18.10.2017VW demonstrates strength of its electric range
There is plenty of talk in the media about the inconveniences of electric car ownership, despite the increasing excitement brought about by new plug-in car launches seemingly every week.
The UK's plug-in car market has plenty going for it though, and to demonstrate a little of that Next Green Car was invited to the EV Experience Centre (EVEC) in Milton Keynes by Volkswagen. The main aim was to take a look at the manufacturer's plug-in car line-up, but there was also the opportunity to hear about charging solutions from Chargemaster, and take a look around the EVEC itself.
It didn't strike me until I saw all of the models parked up and charging, but VW's choice of plug-in models is one of the best on the market at the moment. It might be the likes of Renault and Nissan that many think of when talking about plug-in cars with the Leaf and Zoe respectively, and NGC has talked before about BMW's extensive line-up too, with other manufacturers such as Volvo and Mercedes also expanding their plug-in portfolios.
However, VW has four different electric models - five if you count variants - covering much of the spectrum of those cars that the majority of drivers buy. The e-up! represents the brand in the citycar market, the e-Golf and Golf GTE in the small family car sector, and the Passat GTE - in both saloon and estate forms - in the large family class.
Expensive executive cars such as the Tesla Model S and better established models like the Leaf and Zoe might make the headlines, but those four models from VW will meet most of the requirements anyone who's looking at buying a car has.
The e-up! doesn't have a long range. In fact it has one of the shortest available by some distance thanks to on-going updates to key EV models. But that misses the point largely and the e-up! is most at home as an urban runabout where outright range is largely irrelevant.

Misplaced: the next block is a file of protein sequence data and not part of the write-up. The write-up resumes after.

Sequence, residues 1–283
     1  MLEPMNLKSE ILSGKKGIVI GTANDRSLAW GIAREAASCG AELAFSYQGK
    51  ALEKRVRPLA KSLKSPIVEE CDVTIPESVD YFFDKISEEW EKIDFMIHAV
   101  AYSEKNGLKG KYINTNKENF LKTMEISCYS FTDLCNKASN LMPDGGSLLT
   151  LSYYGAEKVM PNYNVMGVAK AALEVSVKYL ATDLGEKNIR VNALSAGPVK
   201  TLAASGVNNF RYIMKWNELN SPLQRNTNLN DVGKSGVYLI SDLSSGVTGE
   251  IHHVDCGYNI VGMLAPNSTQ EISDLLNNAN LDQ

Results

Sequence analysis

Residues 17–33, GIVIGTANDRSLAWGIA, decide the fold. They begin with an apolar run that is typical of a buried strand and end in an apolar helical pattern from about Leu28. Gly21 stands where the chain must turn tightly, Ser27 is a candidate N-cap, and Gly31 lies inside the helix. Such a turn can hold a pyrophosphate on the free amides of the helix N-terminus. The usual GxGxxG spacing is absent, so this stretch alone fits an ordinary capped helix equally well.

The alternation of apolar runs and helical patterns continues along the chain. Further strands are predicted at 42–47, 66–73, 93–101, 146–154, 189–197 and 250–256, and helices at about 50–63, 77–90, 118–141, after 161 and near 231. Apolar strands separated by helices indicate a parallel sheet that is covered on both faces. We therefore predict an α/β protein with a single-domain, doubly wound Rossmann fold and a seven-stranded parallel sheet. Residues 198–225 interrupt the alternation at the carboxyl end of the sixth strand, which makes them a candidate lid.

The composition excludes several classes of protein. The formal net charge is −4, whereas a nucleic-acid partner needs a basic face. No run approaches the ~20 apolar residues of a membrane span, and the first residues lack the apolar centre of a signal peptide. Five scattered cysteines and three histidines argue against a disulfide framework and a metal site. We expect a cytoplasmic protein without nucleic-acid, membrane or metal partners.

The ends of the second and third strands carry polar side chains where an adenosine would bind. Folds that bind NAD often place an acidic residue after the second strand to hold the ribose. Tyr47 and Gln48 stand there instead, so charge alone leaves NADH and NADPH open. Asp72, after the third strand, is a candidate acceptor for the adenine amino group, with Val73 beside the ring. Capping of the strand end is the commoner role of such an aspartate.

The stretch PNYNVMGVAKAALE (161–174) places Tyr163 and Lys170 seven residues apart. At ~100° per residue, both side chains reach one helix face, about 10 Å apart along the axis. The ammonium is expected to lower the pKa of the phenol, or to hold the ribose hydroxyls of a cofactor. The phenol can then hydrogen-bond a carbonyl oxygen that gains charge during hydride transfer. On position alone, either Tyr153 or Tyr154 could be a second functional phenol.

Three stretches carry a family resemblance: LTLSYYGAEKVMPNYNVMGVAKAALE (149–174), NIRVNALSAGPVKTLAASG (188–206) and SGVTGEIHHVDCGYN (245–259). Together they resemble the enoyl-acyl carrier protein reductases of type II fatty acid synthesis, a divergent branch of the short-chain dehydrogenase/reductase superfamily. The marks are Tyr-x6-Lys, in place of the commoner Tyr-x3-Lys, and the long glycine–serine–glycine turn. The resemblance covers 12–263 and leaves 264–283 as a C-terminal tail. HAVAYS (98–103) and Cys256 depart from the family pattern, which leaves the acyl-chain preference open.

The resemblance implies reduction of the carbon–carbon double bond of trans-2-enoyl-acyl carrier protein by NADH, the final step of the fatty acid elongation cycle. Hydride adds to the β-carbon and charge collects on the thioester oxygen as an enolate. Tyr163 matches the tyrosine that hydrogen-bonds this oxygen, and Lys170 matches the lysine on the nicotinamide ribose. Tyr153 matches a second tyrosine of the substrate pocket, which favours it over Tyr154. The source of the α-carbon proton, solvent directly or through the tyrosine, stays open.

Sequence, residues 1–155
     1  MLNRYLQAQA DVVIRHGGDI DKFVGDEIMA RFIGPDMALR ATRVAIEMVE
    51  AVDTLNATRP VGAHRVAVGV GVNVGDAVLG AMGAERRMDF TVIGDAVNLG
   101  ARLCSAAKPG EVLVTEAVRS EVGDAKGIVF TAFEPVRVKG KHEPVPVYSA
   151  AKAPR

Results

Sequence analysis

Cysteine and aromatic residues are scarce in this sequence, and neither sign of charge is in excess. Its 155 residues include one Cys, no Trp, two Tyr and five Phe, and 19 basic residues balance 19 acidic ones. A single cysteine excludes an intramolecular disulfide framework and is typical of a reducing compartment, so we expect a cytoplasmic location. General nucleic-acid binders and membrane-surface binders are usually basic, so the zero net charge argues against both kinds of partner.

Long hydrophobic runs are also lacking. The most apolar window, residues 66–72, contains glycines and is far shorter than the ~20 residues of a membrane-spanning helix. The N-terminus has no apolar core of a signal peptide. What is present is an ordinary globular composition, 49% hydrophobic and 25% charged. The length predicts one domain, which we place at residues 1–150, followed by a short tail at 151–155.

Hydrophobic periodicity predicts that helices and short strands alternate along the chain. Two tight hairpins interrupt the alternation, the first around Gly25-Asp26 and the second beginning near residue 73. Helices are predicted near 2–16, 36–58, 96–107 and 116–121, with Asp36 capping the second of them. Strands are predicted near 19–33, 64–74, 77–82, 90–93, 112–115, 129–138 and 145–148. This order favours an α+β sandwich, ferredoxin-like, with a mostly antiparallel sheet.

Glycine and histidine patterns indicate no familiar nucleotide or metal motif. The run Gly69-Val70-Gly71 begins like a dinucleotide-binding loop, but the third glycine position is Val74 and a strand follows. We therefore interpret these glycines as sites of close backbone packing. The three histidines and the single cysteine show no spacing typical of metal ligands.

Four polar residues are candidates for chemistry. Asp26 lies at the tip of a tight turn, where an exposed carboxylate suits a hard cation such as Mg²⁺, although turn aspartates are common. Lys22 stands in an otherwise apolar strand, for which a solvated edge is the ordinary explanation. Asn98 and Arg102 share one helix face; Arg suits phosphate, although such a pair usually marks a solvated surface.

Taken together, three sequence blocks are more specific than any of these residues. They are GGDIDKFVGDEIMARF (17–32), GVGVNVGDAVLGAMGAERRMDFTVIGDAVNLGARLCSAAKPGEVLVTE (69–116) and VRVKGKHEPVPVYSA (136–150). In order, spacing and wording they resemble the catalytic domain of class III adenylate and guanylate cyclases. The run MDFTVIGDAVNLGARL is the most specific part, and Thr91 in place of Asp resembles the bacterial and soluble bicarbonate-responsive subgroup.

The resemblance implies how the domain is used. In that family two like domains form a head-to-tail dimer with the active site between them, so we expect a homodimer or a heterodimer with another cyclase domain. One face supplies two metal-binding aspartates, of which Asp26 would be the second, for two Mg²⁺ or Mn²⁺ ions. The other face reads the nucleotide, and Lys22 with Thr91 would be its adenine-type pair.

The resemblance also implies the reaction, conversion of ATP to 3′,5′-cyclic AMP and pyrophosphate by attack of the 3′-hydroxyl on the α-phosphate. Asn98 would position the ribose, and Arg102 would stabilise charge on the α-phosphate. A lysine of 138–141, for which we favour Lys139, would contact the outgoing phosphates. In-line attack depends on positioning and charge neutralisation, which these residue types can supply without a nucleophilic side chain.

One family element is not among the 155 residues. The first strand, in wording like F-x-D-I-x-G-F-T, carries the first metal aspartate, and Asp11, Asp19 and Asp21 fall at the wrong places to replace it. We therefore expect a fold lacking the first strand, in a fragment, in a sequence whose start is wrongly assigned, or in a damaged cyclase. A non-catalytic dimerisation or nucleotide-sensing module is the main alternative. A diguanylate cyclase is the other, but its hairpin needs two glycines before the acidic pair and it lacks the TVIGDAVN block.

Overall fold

It's the same principal that Smart has applied to the electric drive versions of its model line-up. A citycar is not likely to travel long distances in one go, and will often be bought either by those who take short trips regularly or as a second car to runabout in. So why fit a large and expensive battery when a smaller one will do?
VW's e-up! is on balance better than the petrol versions of the excellent citycar in my opinion - especially if you keep it to its natural environment and don't attempt to tackle 60+ mile motorway trips regularly. Unlike the Smart models, the e-up! can tackle longer trips more easily thanks to CCS rapid charging. Stick to nipping across town or down to the supermarket though, and the e-up! has more than enough range to suffice.
It also feels quicker off the line than its petrol up! stablemates thanks to the electric motor's natural slug of torque. It feels like a better handling machine because of its low centre of gravity and - after the up! range's updates - it's still one of the most refined cars in its class, made all the more so because of the quiet electric powertrain.
It's not perfect and it's not for everyone, but if you need a citycar in the traditional sense of the phrase - to cover lots of short distances - the e-up! is great.
Moving up to the e-Golf, Volkswagen has a fantastic car on its hands; not just a fantastic EV. After its recent updates, the range has jumped from one of the worst around to one of the best options on the market, and the rest of the car oozes class - as you would expect from a Golf.
A real-world range of 150+ miles is plenty for the majority of drivers and trips, and the e-Golf is an easy to drive, comfortable, and very well equipped car if you ignore the electric aspect. Add the EV part of the e-Golf back into the mix, and the instant power, selectable levels of braking regeneration, and quiet running make the e-Golf a lovely car to live with.
Again, like the e-up!, it's not the perfect option for all people, and there are drivers around who need (not just want) more range on a single charge. But I've completed cross-country trips before in the electric Golf, largely doing so at conventional motorway speeds (rather than the slower EV motorway speeds) and with ease.
Around the grid-like layout of Milton Keynes with plenty of roundabouts and dual carriageways, and the twisty country roads past the town's outskirts, the e-Golf's range wasn't tested in the slightest. Driving it again reminded me why it is my current pick of the mainstream EVs, competing hard with the i3 - winning thanks to greater practicality - and trumping the Leaf, Ioniq, and Zoe, even considering the latter's lengthy range. It's just such a well rounded car.